I’ve done a couple of (hopefully) interesting things over the last few years. Here is a selection of my favorite projects:
Syncany – An open-source cloud storage and filesharing application.
Syncany is the one thing I spend most of my time with. It’s like Dropbox, but awesomer! Check it out on the project website, on GitHub or on my first or second blog post. I even wrote my Master Thesis about it.
Language: Java (with a little bit of Python) / Status: Syncany has taken a (likely indefinite) hiatus. People loved it. I love it, but I don’t have time for it, and it likely grew too big too fast. Feature creep and all that. I learned a lot from that.
pcopy – Shared clipboard across computers
pcopy is cross-machine clipboard that allows copying and pasting across different computers.
Language: Go / Status: It works wonderfully. I use it every day.
keeplog – Two-way synchronization between Google Keep and a local text file
keeplog is a simple two-way synchronization tool to sync a local daily log with Google Keep. When run, keeplog parses the local file and synchronizes each entry to individual Keep notes. Updates within Keep are populated to the local file as well.
Language: Python / Status: It works wonderfully. I use it every day.
fsdup – Dedup disks with NTFS partitions, and later expose them as a block device. Also, it can store the chunk index in Ceph/RADOS.
fsdup is a proof-of-concept application to deduplicate NTFS file systems using file-level dedup for files inside the NTFS filesystem. It operates on raw disks or image files and parses NTFS. It was a proof-of-concept to determine how much space savings one can get when deduping hundreds of thousands of NTFS file systems.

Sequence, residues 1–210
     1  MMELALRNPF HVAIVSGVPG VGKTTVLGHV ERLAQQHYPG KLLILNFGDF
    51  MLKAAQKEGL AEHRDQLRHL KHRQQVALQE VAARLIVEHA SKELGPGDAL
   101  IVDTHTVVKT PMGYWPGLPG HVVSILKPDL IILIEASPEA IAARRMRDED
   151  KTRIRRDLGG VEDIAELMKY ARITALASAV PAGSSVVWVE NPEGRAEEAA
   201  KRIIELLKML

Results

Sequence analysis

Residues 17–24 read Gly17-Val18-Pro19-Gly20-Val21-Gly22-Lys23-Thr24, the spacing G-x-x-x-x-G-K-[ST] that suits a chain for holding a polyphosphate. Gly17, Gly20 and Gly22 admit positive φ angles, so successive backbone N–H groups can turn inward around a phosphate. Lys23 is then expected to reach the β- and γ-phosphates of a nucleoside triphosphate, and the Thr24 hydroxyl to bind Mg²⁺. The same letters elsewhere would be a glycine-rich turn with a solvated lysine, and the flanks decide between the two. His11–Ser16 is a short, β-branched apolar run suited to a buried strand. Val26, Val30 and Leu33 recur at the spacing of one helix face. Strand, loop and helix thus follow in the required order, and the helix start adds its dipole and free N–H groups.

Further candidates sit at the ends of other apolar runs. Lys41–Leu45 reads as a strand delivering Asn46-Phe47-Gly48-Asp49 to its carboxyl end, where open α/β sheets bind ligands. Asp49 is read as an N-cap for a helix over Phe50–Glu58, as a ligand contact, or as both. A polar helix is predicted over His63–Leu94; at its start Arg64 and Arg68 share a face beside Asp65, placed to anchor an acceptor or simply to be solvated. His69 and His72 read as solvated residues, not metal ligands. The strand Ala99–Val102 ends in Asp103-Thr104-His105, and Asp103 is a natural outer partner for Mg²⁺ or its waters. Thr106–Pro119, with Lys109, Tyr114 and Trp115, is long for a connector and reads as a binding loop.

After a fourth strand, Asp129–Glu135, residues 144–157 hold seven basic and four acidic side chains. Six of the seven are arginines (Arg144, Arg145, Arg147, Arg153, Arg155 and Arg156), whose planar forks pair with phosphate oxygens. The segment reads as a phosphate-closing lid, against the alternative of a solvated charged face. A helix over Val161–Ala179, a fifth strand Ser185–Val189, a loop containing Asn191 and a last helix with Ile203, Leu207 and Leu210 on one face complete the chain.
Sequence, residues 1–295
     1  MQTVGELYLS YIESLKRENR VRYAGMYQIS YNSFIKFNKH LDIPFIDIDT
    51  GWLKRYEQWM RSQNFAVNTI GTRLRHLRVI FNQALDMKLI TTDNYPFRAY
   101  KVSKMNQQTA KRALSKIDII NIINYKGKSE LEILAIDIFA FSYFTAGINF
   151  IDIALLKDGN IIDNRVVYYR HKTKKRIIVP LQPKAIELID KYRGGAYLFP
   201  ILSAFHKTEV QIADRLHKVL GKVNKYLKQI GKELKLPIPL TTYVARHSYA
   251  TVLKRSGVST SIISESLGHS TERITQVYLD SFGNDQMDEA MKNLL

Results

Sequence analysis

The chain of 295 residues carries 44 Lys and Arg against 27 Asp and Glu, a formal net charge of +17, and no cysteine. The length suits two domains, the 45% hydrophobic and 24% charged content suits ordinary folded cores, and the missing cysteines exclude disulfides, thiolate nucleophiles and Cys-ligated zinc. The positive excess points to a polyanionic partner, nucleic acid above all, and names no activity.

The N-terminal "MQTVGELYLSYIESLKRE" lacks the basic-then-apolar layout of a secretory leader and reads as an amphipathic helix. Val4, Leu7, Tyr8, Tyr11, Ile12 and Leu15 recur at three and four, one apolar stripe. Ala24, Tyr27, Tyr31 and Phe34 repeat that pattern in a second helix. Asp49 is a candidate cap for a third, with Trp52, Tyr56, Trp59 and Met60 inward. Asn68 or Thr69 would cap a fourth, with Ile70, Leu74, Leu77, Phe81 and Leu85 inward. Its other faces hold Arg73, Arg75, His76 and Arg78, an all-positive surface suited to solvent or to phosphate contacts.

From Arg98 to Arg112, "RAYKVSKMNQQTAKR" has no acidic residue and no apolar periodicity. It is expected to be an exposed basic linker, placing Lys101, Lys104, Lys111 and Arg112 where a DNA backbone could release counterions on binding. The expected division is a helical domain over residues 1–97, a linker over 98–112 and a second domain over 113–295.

Language: Go / Status: fsdup was an experiment, nothing more. It has been filed as a patent too, now.
natter – A peer-to-peer TCP port forwarding library using NAT traversal with QUIC
natter is a peer-to-peer TCP port forwarding library and command line tool. It connects two clients across the Internet, even if they are behind a NAT via UDP hole punching (NAT traversal) as per RFC 5128. Connections are brokered (but not relayed!) via a rendevous server (“broker”), and tunneled via the QUIC protocol.
Language: Go / Status: natter was an experiment, nothing more. It was so much fun to work on this.
JSON-RPC extensions for request-mapping, authentication, logging, and validation
At Datto, we use JSON-RPC based APIs very heavily, in particular with our JSON-RPC library php-json-rpc. I wrote four extensions for it. Namely php-json-rpc-auth, php-json-rpc-validator, php-json-rpc-simple and php-json-rpc-log.
Language: PHP / Status: Actively being used by Datto.
socksproxy – Simple SOCKS proxy to tunnel your way around things
socksproxy is a simple script to run a SOCKS proxy on your own server. It is merely a wrapper script to orchestrate SSH and iptables properly to make it easier in everyday use. I’ve also written a blog post about it.
Language: Bash / Status: I use socksproxy every now and then when I need to access stuff in Germany that I can’t from here. It works.
zfsu – Collection of ZFS utilities
zfsu is a collection of ZFS utilities. It consists of the following tools: zfsu tx (aka zfstx) maintains a mirror of a ZFS pool over the network. zfsu ret (aka zfsret) is a simple script to apply local retention (destroy snapshots) of a filesystem and its snapshots. zfsu res (aka zfsres) is script to resilver a slow mirror, e.g. a HDD disk if mirrored with a SSH.
Language: Bash / Status: In maintenance mode, since it just works. My automated backup scripts use it every day.
Terminator Host Watch – Terminator plugin to apply host-specific themes
This plugin monitors the last line (PS1) of each terminator terminal, and applies a host-specific profile if the hostname is changed. It’s very simple, but very useful.
Language: Python / Status: Abandoned, although I should probably revive it. It was a cool project.
sf – Wrapper script around sshfs to make mounting/unmounting easier
sf is a wrapper script around sshfs to make mounting/unmounting easier. It probably doesn’t deserve its own package, but I use it on so many machines that it might just be worth it. Again, super simple, but useful.
Language: Bash / Status: Abandoned, I may use it again if I need to do a lot of sshfs stuff.